3. Blocks of time for work and play – for everyone. Now that the kids and my OH are at home, we have worked out a rough schedule that will allow us both to get our work done and for the kids to have care and school work time. We are working on 2 blocks of several hours work time for everyone. For example, if my OH takes a morning block for work, I’ll be with the kids. This week our school is sending out work packs, which I’m really thankful for. I didn’t want to set the off track from their curriculum, so knowing what to focus on is very helpful. We’ll all have a mid-morning break and lunch. Hopefully we’ll manage some fresh air. Again – I’m very aware of the privilege in having access to some garden space. I’ll then work in the afternoon. We’ll try and make sure the kids ‘finish’ their work around 3 and have time for some of their usual after school club activities –  we go to a craft club & dancing, so I can replicate these.  This week, we’ve planted seeds, baked a cake, done some  junk modelling. I’ve also got them into helping out with minor chores – hoovering, changing their beds, tidying. All things that I was working on anyway! While one of us is doing the 3-6 shift, the other will work. It’s enough time to get everything that needs to be done, done.
  4. Screen time is fine. I let my kids watch tv. I let my kids have the tablet. I don’t have a problem with letting my kids have screen time. They need some down time too. Of course, this has to be adjusted to age/stage, but I really don’t have a problem with them watching TV. I know what they watch and can have access to. This buys time for cooking or a bit more work – usually I leave my admin until this time. Emailing while the food is on is a good multi-tasking hack. So, no guilt if you let IPlayer do some heavy lifting for you. There are so many things that TV does well for kids. I’m also speaking as a well-adjusted and over-qualified adult that was a telly-addict kid In fact, during this period of self-isolation, I’m going to increase my screen time too.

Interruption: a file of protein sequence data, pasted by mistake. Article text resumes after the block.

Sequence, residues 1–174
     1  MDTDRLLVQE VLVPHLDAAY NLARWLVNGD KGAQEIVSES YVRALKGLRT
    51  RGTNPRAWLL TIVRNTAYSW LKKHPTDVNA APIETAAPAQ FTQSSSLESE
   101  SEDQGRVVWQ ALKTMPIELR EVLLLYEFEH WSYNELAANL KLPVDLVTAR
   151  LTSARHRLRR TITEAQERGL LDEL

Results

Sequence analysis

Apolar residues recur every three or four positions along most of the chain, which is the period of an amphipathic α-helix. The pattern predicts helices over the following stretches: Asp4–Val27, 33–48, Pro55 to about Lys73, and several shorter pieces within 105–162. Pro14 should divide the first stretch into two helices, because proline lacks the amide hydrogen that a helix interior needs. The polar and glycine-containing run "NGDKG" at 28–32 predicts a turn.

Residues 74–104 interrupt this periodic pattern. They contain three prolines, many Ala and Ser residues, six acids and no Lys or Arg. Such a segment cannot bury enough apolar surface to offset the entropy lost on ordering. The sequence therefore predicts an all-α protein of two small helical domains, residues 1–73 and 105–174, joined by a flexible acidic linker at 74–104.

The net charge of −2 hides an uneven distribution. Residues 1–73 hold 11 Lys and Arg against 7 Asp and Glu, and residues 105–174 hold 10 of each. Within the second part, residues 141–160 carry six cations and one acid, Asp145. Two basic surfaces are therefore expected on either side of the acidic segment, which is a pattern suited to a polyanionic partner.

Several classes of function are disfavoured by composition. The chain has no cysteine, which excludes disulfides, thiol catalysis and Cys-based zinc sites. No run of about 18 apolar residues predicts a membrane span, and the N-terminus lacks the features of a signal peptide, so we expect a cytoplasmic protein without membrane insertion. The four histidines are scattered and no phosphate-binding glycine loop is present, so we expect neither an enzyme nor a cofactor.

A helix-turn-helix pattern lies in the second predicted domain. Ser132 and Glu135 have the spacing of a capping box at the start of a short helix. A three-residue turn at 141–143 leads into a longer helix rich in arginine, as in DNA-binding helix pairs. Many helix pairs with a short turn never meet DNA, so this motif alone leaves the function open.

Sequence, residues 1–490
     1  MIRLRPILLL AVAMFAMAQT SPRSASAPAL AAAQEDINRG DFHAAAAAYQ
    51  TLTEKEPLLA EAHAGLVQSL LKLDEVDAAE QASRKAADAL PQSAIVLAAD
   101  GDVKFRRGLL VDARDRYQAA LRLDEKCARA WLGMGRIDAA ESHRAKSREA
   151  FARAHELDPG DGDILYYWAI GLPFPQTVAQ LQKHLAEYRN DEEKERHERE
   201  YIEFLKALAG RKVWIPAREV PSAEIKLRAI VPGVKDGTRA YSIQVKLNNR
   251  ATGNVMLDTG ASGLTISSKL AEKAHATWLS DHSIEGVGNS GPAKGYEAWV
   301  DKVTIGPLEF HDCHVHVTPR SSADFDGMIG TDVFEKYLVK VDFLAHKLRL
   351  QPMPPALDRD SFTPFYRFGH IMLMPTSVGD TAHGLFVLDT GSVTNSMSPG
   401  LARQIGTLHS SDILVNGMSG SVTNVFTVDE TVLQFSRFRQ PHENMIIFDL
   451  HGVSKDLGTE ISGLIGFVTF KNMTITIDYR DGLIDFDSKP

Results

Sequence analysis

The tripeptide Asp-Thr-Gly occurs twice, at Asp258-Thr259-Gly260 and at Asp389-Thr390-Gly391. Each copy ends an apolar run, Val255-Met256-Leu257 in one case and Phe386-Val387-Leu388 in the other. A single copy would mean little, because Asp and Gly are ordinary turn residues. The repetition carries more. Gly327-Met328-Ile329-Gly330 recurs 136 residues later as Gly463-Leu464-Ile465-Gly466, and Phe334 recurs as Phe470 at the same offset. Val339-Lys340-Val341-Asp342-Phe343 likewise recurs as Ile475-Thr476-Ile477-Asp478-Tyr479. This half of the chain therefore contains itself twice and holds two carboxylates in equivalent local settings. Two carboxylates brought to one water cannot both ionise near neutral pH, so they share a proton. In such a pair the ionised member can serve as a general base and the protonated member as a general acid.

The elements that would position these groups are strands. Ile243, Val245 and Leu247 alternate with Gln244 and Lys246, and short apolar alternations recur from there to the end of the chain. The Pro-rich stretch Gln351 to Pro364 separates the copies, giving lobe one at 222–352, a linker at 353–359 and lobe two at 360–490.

5. Take 10 minutes for yourself at a few intervals throughout the day. It is really difficult when everyone is in the same small space at the same time, especially when this is really not usual. It is crucial that you find some time and space just to do nothing by yourself. To not be ‘on’ – for work or for your kids. This might be when they are in bed. Instead of emailing, why not listen to an audio book. Or reflect on all the amazing things you have done getting everyone through the day.

You are not the only one finding this stressful

Take solace and reduce your stress levels by acknowledging that everyone is figuring out this new normal as they go along. Add in childcare, and the reality is you cannot work as if they are not there. Repeat that to yourself often – you cannot work in the same way as if your kids were not there. Take time to reflect on what you MUST do in a day and over a week. You will not be doing everything. You will not be working in the same way.

You are not alone. Be kind to yourself and to others.




Avoiding feelings of social isolation when working from home

Over the past year, I have carved out a new post-academic career that is based on working from home. The majority of my work is now conducted online.